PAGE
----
Driven: Ferrari FF... Four by Four by Four
Four seats, 660HP and – with its four-wheel drive – able to tackle rain, snow and ice: no Ferrari in history has been more suited to everyday life. So, have the Maranello engineers really been able to square the circle? Classic Driver's Hamburg-based Editor, Jan Baedeker, has driven the car to find out…
“Even in a Ferrari, you wouldn’t want to be here,” grumbled the taxi driver, as we push through the drizzle and rush-hour traffic towards Hamburg airport. His comment reflects the long-held belief, reinforced by the thought of sporty Italian cars, that only dry and traffic-free roads bring driving pleasure.
And then there’s the fact that Ferraristi can carry no more luggage than a thick bundle of lire, sunglasses and a toothbrush. Or is this no longer the case? Because Maranello has now unveiled the 4WD Ferrari FF, a 660HP V12 supercar that can catapult you along dry roads with family, luggage and labrador aboard, to reach 62mph in 3.7 seconds. Yet at the same time, the FF’s all-wheel drive allows you to head away from the Engadin or Cote D’Azur to tour, perhaps, the deserts of the Middle and Far East. Or even further afield. Ice, snow, rain, sand – no problem.
It’s a concept that has polarised the market. When the FF was presented at the Geneva Motor Show in March, public reaction was extreme enthusiasm – or total astonishment. There was very little in between but, from a marketing viewpoint, that’s no bad thing.
The FF will replace the 612 Scaglietti, of which some 3000 were sold, and it will aim to penetrate new markets as well as attracting buyers from the USA and Europe for whom a winter capability is a 'must'. Now Ferrari has invited journalists to the first test drive in the South Tyrol, where the mountainous roads help put this ‘jack of all trades’ in context. But first comes a technical briefing that lasts several hours, during which the clearly proud developers report every tiny detail of the all-wheel drive ‘4 Ruote Motrici’ system (4RM for short).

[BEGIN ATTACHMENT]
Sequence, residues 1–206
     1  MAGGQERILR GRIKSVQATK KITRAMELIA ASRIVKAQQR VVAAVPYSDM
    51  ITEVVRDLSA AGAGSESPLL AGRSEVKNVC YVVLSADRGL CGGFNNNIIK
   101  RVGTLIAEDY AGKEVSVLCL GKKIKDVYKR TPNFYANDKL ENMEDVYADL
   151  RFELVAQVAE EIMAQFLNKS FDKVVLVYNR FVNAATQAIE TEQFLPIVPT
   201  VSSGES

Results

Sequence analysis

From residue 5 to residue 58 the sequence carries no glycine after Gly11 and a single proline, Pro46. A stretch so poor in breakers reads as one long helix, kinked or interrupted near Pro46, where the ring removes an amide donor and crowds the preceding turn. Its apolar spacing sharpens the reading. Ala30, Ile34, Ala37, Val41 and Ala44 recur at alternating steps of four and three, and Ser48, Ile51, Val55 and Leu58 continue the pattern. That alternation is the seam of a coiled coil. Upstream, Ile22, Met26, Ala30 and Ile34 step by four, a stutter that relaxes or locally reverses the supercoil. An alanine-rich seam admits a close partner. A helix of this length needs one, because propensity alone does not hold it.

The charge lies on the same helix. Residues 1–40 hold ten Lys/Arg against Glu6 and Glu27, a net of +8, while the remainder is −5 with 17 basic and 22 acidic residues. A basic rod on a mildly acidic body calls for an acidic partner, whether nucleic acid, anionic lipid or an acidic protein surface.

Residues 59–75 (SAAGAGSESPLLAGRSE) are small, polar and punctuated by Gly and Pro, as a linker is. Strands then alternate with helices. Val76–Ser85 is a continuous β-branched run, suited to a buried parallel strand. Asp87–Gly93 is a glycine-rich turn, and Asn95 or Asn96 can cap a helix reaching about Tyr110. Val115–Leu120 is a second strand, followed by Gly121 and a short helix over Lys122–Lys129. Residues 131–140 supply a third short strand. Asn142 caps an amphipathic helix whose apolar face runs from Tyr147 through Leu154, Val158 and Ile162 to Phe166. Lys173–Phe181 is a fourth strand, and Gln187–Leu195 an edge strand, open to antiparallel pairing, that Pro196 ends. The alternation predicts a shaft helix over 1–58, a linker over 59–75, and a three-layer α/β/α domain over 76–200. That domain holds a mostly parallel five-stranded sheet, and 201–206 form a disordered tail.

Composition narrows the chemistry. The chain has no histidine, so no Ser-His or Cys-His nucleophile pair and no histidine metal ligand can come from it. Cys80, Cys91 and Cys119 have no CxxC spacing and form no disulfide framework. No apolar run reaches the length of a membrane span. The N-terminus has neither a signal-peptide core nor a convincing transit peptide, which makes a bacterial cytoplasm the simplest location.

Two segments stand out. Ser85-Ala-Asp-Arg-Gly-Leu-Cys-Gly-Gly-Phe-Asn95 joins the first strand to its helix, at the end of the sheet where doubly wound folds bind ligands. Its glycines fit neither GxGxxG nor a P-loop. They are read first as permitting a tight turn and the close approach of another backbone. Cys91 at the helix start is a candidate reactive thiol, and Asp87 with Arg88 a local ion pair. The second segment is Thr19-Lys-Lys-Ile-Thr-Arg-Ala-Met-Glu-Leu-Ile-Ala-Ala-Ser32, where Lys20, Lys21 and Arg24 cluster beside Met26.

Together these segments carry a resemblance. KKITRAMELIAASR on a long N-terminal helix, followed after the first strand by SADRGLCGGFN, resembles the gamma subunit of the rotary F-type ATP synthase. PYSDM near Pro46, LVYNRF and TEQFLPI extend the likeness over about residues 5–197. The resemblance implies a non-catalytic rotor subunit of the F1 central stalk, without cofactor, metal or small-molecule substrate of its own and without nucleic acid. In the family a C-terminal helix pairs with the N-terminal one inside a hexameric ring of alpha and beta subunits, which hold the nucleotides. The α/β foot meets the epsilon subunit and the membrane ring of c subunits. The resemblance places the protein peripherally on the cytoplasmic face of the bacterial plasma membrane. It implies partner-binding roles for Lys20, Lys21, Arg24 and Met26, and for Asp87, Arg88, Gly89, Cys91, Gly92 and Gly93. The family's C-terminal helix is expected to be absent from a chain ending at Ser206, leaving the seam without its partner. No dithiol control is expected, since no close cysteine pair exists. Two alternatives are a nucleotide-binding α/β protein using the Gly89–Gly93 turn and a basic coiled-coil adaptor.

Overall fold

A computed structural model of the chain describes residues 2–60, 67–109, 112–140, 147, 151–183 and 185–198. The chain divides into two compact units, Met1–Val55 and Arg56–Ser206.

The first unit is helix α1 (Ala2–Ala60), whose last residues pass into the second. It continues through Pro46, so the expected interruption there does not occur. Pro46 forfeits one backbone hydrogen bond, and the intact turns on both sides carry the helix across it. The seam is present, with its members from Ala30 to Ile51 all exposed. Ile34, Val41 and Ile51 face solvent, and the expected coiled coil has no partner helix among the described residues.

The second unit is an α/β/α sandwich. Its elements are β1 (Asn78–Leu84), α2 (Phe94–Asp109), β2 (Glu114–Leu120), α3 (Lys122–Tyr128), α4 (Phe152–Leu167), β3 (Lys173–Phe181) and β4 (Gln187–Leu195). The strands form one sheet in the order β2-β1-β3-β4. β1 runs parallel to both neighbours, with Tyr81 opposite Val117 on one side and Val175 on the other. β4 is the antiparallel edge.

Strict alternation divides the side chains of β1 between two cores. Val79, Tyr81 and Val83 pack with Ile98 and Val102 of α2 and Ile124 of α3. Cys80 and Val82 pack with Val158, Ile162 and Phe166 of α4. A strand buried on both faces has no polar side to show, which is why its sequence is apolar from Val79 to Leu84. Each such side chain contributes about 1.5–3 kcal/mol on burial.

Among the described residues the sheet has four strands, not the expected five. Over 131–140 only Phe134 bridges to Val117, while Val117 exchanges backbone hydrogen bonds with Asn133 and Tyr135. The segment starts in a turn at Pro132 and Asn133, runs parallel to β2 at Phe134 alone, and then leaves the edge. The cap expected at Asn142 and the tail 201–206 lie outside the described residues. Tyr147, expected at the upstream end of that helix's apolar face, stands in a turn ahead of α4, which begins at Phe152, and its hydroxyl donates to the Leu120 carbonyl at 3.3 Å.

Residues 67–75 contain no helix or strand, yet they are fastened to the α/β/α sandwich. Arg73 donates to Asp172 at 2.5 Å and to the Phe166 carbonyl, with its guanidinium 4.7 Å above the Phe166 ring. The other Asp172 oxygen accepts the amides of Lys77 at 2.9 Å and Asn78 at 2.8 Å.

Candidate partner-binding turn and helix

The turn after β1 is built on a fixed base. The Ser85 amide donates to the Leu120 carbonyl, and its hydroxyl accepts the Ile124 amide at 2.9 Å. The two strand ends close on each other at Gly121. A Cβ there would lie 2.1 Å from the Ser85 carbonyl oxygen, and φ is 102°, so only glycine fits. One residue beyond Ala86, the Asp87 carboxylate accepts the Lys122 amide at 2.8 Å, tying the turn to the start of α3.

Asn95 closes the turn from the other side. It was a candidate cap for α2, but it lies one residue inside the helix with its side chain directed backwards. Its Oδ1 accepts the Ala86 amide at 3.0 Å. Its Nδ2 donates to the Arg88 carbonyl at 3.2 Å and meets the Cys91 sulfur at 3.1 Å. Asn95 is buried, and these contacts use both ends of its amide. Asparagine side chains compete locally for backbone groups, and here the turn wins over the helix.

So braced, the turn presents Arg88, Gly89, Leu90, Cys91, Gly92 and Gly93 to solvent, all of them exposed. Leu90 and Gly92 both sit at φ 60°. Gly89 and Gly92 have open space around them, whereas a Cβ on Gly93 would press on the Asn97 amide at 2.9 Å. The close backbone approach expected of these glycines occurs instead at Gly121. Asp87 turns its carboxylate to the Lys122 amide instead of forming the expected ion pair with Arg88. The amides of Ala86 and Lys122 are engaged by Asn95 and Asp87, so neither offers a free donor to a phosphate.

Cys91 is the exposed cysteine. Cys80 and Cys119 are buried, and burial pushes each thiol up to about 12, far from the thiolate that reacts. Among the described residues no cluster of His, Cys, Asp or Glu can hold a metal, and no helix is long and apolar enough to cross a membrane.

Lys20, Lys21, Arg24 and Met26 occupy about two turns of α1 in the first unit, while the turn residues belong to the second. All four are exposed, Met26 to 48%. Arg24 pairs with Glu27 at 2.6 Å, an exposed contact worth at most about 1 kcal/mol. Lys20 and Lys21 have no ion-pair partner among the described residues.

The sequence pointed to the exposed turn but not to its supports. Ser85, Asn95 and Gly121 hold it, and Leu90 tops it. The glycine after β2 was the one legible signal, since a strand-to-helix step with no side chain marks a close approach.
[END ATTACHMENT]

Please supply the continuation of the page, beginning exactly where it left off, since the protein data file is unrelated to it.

It’s 50 per cent lighter than other, comparable four-wheel drives, and only comes into play when really needed – such as when water, snow, ice, sand or dust result in a loss of traction from the rear wheels. Up to 200km/h, additional drive can be directed to the front wheels, but in the dry, Ferrari promises to give the FF driver a traditional rear-drive feeling.
And we are here to experience the new model on the road, so are delighted when we finally have the ignition keys in our hands. But before the off, a visual scrutiny: in its dimensions, the FF differs little from the Scaglietti, but it’s far more dramatically styled by Pininfarina, with those sparkling LED slits and that animal-grin front grille. Up to the B-pillar, the newcomer has the flat, dynamic styling of its sibling GTB, but the larger glasshouse and steep rear make for significantly more leg and headroom in the rear seats: even at 1.9m tall, we could sit comfortably in the back over long distances.
One also has to congratulate the designers when it comes to the flexibility of the interior space. It’s no problem to stow the four-part Schedoni luggage, or a ski bag and golf clubs, thanks to the folding rear backrests and rear hatch – both foreign words for Maranello, up till now. The FF can store up to 800 litres of luggage space, and any critics of an 'estate' from Maranello should remember that Ferrari has in the past sanctioned independent designers (think of the 330 GT Shooting Brake by Vignale, or Pininfarina’s 456 GT Estate) to produce one-off concepts or commissions on the shooting brake theme.